The origin of the story seems simple but its meaning is complex and revelatory. Dante Alighieri is a wealthy aristocrat that represents a major leadership faction in 13th century Italy, the“White Gulphs” which are vying for power with the Ghibelline. Their conflict is over the integrity of the Pope in Rome at the time of relocation of the papal enclave to Avignon, France. The move occurs in 1309 and lasts for 67 years. Pope Boniface VIII sides with the Ghibelline to overthrow the Gulphs and excommunicate Dante. Dante loses his political position, his wealth, and coincidently, the life of the woman he loves, Beatrice. These crushing events in Dante’s life compel him to complete and publish (between 1308 and his death in 1321) what Shutt calls the greatest single piece of literature ever written.
Purgatory may be a way-station to heaven for a believer that is cleansed of their sin or an eternal home for the non-believer or pagan. Hell is perdition for eternity with no surcease of pain or opportunity for escape. Heaven is a place of eternal rest, peace, and love.
One is overwhelmed by Dante’s genius whether or not a believer. Shutt gives one a better understanding of who Dante was and why “The Divine Comedy” is a classic.
Jason Ryan Dorsey’s book is an insightful look at the 1977 to 1995 American’ cohort known as the “Y” or “Millennial” generation. Three observations by Dorsey are that Millennials: 1)are not tech savvy but are tech dependent; 2) are participants in the work place that includes, for the first time in history, four different employee generations; and 3) that money is not “Y” generation’s primary motivation for work.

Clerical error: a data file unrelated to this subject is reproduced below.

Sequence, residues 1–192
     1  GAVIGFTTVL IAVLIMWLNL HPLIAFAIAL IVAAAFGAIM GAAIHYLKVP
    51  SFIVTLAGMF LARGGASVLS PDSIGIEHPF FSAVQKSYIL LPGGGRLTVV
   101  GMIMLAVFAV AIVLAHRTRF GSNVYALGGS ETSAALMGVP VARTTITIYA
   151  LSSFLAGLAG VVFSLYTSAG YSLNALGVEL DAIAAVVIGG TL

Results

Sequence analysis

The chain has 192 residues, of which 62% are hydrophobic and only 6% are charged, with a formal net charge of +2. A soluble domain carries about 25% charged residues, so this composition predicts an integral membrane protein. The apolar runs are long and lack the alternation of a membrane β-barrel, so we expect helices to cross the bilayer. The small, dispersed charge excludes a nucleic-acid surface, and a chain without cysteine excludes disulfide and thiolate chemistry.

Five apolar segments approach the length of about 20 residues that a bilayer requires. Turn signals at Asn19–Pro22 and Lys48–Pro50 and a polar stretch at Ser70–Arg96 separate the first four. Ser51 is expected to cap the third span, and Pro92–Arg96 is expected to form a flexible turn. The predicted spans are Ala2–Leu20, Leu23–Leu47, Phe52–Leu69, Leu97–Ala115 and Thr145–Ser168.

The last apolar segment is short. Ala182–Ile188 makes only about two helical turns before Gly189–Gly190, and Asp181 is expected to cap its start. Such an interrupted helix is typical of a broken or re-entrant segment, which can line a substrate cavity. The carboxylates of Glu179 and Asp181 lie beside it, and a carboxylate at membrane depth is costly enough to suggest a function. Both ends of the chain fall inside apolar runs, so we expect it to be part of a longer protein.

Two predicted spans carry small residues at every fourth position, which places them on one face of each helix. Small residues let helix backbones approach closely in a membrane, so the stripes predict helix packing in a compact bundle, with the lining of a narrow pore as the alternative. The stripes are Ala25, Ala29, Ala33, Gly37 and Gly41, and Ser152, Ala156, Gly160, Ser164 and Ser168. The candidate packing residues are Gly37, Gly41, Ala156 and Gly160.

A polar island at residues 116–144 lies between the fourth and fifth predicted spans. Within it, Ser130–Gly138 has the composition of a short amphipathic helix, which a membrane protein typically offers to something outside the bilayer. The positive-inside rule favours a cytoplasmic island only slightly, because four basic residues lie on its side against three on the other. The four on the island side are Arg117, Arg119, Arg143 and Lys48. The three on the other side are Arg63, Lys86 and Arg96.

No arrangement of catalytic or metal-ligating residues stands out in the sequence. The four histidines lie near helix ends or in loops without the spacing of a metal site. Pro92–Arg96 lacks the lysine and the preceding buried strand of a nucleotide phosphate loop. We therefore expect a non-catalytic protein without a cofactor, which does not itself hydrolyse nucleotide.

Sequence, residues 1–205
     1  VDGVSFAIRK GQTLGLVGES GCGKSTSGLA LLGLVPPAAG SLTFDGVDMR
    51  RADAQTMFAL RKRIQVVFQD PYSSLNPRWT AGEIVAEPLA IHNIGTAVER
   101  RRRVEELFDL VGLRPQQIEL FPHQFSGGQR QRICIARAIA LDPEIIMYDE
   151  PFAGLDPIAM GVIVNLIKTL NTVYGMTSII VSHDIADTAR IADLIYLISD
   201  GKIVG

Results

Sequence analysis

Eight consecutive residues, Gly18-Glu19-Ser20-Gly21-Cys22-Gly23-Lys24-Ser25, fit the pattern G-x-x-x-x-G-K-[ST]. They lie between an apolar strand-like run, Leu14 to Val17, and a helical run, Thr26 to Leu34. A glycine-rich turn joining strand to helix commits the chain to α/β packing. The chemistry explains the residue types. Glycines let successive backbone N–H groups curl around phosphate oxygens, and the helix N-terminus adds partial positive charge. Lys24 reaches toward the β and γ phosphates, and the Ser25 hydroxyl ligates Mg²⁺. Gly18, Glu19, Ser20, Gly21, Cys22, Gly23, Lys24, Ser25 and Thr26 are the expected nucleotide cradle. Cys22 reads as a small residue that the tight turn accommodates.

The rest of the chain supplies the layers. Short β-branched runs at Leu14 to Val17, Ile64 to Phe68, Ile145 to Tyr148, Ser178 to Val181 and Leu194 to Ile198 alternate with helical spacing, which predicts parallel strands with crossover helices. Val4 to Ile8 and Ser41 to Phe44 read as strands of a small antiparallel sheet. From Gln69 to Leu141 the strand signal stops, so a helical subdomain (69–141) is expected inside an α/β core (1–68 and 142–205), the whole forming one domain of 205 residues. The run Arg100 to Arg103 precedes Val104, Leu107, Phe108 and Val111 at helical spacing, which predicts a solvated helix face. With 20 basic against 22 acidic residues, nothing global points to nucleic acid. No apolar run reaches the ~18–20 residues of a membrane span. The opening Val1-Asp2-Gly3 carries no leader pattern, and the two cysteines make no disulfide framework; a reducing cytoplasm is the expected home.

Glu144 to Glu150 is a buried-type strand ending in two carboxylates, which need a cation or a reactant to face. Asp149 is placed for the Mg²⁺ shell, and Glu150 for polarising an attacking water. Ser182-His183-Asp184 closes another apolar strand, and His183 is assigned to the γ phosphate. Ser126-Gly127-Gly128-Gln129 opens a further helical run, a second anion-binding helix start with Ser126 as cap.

Matures’, Boomer, and “X” generation’ managers have to learn how to suspend their ideas about what works in an organization and listen to Millennials to mutually develop a view of organizational needs that will continue to improve American’ prosperity and stability. The underlying motivation of all generations is found in human nature. Understanding human nature; meeting generational needs and desires, make the difference between organization’ success and failure.
Matures and Boomers are on the cusp of retirement. The “X” generation is too small to dominate the American system of organization management and leadership. Millennials are tomorrows leaders and managers. Current organization managers and leaders need to help Millennials grow into their futures. Millennials are the energy of America’s engine of future prosperity.